Wider Image: High Stakes in Manila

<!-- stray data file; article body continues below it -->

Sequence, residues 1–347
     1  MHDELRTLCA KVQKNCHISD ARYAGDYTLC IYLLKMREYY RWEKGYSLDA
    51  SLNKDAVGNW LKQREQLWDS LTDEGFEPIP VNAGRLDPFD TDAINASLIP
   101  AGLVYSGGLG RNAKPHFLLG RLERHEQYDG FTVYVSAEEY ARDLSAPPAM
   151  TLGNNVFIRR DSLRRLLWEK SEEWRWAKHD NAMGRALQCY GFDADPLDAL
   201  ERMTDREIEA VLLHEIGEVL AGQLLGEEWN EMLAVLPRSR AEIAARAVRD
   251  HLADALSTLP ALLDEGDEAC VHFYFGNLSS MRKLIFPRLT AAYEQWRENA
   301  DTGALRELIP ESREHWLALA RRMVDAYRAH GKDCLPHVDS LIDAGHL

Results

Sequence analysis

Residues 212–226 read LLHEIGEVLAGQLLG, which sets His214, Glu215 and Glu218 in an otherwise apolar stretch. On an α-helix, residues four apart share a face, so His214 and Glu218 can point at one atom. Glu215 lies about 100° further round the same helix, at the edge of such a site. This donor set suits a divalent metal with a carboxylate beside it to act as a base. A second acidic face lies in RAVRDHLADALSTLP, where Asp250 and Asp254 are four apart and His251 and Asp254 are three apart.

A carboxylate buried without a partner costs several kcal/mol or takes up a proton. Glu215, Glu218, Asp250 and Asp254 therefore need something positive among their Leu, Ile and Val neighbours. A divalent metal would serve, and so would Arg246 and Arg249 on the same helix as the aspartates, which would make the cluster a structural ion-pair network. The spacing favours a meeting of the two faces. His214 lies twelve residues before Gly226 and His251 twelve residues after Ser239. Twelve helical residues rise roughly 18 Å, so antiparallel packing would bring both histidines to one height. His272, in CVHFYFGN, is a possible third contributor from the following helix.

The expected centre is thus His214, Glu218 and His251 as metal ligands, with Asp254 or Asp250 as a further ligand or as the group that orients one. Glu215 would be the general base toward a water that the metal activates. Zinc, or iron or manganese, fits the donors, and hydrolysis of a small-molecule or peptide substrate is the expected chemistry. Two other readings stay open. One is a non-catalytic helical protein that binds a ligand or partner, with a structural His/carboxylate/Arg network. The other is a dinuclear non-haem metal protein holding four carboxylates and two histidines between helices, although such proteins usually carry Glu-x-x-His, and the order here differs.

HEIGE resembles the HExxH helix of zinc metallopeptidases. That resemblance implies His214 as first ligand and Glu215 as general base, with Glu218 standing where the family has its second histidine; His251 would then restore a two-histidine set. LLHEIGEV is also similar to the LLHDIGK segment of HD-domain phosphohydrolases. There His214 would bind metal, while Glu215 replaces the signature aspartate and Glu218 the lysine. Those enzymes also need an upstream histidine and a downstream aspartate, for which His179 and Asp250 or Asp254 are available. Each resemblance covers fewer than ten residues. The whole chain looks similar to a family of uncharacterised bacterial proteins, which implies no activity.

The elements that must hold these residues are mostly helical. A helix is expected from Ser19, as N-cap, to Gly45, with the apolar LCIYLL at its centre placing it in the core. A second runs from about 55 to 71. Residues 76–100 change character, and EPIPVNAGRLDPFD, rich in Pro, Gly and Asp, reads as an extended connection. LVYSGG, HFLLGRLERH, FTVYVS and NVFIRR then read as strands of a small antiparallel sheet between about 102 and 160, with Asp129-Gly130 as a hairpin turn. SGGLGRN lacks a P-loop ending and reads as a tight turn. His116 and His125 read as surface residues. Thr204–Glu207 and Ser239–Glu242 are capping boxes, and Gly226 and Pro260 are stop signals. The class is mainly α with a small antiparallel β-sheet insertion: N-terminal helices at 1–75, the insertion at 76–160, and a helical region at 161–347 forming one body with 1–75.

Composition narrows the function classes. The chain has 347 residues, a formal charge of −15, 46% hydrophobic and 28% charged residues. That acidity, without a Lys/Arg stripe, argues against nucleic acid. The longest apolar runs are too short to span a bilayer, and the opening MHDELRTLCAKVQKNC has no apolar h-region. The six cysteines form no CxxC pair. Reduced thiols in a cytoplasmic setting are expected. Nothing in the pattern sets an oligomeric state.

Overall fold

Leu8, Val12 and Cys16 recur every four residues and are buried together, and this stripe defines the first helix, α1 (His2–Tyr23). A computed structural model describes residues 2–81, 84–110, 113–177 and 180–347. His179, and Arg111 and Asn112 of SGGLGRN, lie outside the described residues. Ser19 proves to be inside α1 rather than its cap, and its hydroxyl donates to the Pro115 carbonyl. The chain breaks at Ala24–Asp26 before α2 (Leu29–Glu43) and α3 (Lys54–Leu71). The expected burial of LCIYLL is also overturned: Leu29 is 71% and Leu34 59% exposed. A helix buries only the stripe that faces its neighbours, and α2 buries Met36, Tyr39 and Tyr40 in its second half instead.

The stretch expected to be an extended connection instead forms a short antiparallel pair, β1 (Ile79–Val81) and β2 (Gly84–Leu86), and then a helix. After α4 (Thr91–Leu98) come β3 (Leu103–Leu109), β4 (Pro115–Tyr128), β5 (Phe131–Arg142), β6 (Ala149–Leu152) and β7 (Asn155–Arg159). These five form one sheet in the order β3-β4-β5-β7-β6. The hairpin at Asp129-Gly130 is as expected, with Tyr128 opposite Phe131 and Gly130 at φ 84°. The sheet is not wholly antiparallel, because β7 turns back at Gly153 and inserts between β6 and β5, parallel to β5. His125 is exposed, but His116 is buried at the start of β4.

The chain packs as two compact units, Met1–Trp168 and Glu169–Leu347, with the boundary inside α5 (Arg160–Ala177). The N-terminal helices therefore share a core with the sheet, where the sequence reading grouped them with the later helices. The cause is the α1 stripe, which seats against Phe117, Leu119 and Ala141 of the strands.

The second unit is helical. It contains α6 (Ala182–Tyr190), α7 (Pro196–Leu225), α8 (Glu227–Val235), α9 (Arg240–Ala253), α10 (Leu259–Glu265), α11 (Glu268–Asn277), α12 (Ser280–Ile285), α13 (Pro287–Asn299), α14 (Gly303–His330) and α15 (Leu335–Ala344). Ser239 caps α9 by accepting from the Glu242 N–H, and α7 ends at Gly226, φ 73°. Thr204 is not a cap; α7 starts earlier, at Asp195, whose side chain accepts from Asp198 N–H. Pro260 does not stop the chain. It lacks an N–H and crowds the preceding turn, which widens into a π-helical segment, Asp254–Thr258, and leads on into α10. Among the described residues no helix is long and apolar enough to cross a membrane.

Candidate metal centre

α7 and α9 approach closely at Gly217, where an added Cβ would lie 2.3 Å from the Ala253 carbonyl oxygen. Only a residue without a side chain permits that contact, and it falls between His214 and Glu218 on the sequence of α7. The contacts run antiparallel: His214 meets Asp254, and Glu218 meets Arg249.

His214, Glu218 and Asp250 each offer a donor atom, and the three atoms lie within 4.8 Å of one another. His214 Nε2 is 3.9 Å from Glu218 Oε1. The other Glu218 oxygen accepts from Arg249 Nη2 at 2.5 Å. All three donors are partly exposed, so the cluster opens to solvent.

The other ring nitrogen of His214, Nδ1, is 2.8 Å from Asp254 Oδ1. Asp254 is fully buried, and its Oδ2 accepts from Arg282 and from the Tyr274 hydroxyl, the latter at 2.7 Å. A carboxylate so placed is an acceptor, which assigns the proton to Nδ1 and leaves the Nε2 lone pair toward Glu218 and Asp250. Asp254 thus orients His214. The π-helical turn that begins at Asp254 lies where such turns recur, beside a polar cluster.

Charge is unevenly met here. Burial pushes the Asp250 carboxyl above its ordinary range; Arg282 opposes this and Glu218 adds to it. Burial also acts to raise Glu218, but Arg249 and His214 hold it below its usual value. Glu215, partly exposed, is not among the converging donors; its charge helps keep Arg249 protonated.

Trainee casino dealers practise on a roulette table inside Solaire Casino in Pasay city, Metro Manila, Philippines, March 27, 2015. The Philippines has emerged as one of Asia's hottest gambling hubs after it launched its 120-hectare (1.2 square km) gaming and leisure enclave called Entertainment City in the capital, modelled on the Las Vegas strip. When paying your final respects for a relative or friend, the last thing you might expect to see at the wake is people placing bets on a card game or bingo. Not in the Philippines. Filipinos, like many Asians, love their gambling. But making wagers on games such as "sakla", the local version of Spanish tarot cards, is particularly common at wakes because the family of the deceased gets a share of the winnings to help cover funeral expenses. Authorities have sought to regulate betting but illegal games persist, with men and women, rich and poor, betting on anything from cockfighting to the Basque hard-rubber ball game of jai-alai, basketball to spider races. Many told Reuters photographer Erik De Castro that gambling is only an entertaining diversion in a country where two-fifths of the population live on $2 a day. But he found that some gamble every day. Casino security personnel told of customers begging to be banned from the premises, while a financier who lends gamblers money at high interest described the dozens of vehicles and wads of land titles given as collateral by those hoping lady luck would bring them riches. REUTERS/Erik De Castro
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